[3]
[4]
[5]
[6]
to their country's service. It is not to be forgotten, moreover, that at the crisis when they marched to the rescue of the State, it could not be foreseen what was to be the issue of their mission, or how great the sacrifice which they might be called upon to make. It was cause for lasting gratification with them that their very presence upon the borders at the juncture when they appeared, and in the numbers in which they came, greatly contributed to encourage their brethren who were then passing through the heat and fire of the conflict, as well as to deter the progress of the invading foe. Raw and undisciplined as they undoubtedly were, who can now say that their prompt rendezvous at the centre of military operations did not signally aid the successful efforts of the army to turn backward the march of the enemy after the terrific shock which he received on the memorable field of Antietam? L.R. R EADING , September, 1882.
ELEVEN DAYS IN THE MILITIA.
After the reverses to our arms at the disastrous battles of the Second Bull Run and Centreville, in the latter part of August, 1862, and the retrograde movements of the Union forces in Virginia in consequence, the purpose of the enemy to follow up his advantage by endeavoring to take the Capital, invade the Middle States, and thus strike terror into the hearts of the people of the North, became immediately apparent. In the early part of September, war meetings were being held in Pennsylvania to raise the quota of the State in lieu of the draft then impending, in pursuance of the requisition of the President of the United States for three hundred thousand men. The Reserves had been called away to succor the hard-pressed army of McClellan, and the borders were left wholly unprotected at the inviting season of harvest. As a measure of precaution against the impending danger, Governor Curtin on the 4th of September issued a proclamation recommending the immediate formation of volunteer companies throughout the State, in conformity with existing militia laws, for home defence, and suggesting the closing of all places of business at 3 o'clock P.M. daily, in order to afford due opportunity for drill and preparation. On the next day, Mayor David McKnight of Reading, who was acting in that capacity in the place of Mayor Joel B. Wanner, then in the field as Major of the 128th Regiment of Pennsylvania Volunteers, also issued a manifesto, in pursuance of the spirit of the Governor's proclamation, requiring the assemblage of the citizens at certain places designated within their respective wards, for the organization of companies, and also the holding of daily drills from 4 to 6 P.M. On the 5th, the rebel army under General Lee, comprising a force estimated at eighty thousand infantry, eight thousand cavalry, and one hundred and fifty pieces of artillery, crossed the Potomac at or near the Point of Rocks, and entered Frederick. Among its division commanders were Magruder, Walker, Anderson, A.P. Hill, Stuart, Longstreet, Ewell, and Stonewall Jackson. With the occupation of Maryland, matters reached an alarming crisis, and the imminent danger to Pennsylvania became at once evident. The boldness and celerity of the enemy's movements suggested the necessity for prompt action on the part of the State authorities. On the 10th of September, the Governor, acting under the direction of the President of the United States, issued another proclamation, as Commander-in-Chief of the militia, designated as General Order No. 35, calling on all the able-bodied men of the State to organize for its defence, and be ready to march to Harrisburg at an hour's notice, subject to his order. The companies were directed to be filled in accordance with the army standards of the United States, and as it was stated that the call might be sudden, the officers and men were required to provide themselves with the best arms they could procure, with at least sixty rounds of suitable ammunition, good stout clothing, uniform or otherwise; boots, blankets, and haversacks. The order further stipulated that the organizations would be held in service for such time only as the pressing emergency for the State defence might continue. On the morning of the 11th, the rebel cavalry under Stuart entered Hagerstown, the southern terminus of the Cumberland Valley Railroad, six miles from the Pennsylvania line, the main body being about two-and-a-half miles behind, at Funkstown. The army of McClellan had in the meantime advanced to Poolesville. As soon as this intelligence reached Harrisburg, the Governor at 4 o'clock on the afternoon of that day issued General Order No. 36, calling into immediate service fifty thousand of the freemen of Pennsylvania, under the terms of the proclamation of the previous day, to repel the rebel invasion. Immediately after the publication of the proclamation of Wednesday, September 10th, the work of forming militia companies in Reading was begun in earnest, the efforts that had been reviousl made in that direction not havin been attended with much ractical result. In the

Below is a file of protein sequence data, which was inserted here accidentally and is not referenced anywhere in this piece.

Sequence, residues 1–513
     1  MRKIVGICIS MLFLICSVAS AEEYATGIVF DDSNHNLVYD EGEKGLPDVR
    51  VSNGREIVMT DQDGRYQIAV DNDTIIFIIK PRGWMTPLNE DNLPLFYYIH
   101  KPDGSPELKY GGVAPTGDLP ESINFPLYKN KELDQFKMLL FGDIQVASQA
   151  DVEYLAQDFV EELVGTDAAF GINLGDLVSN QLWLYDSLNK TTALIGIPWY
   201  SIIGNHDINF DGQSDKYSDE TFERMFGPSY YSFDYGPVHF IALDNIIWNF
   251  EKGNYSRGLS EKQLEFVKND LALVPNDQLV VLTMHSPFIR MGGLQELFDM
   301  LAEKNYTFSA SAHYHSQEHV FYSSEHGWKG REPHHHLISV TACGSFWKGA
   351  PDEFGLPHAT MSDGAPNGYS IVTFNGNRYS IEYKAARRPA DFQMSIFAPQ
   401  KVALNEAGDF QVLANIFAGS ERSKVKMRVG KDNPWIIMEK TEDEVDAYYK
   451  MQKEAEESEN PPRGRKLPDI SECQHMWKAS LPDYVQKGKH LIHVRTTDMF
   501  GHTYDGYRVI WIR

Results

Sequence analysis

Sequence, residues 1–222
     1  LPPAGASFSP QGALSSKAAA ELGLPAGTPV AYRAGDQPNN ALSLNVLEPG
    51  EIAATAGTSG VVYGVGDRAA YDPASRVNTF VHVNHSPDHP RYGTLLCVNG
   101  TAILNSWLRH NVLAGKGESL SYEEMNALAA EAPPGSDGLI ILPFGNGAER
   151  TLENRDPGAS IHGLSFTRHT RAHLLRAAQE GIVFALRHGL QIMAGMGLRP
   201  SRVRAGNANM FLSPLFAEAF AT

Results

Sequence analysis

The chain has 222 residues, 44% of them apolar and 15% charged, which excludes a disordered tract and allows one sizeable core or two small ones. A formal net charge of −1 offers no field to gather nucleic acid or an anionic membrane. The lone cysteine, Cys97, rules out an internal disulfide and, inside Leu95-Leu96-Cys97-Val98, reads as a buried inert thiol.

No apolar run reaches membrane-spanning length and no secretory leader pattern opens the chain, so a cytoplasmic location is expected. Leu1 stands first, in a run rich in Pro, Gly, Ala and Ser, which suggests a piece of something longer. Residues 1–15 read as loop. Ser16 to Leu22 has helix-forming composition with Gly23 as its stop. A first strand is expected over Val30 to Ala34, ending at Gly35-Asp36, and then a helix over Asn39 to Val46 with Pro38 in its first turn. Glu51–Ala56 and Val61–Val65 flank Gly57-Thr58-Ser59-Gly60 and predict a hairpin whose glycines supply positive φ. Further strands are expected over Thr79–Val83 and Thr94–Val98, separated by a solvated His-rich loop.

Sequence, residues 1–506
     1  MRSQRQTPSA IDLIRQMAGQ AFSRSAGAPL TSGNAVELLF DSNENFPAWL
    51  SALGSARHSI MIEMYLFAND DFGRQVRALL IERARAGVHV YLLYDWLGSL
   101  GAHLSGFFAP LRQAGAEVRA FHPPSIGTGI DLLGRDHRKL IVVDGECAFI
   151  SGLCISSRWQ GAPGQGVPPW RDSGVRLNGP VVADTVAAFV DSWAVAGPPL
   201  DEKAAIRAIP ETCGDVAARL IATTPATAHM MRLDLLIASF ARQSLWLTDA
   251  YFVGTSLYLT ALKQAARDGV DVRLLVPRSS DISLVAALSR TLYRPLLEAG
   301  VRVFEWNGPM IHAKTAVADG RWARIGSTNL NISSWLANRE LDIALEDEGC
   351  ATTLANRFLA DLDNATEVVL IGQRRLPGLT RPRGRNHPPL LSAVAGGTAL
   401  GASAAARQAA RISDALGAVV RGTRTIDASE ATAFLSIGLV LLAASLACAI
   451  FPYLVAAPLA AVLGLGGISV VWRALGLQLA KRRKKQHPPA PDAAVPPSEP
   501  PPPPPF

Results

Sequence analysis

[7]
[8]
[9]
[10]
[11]
[12]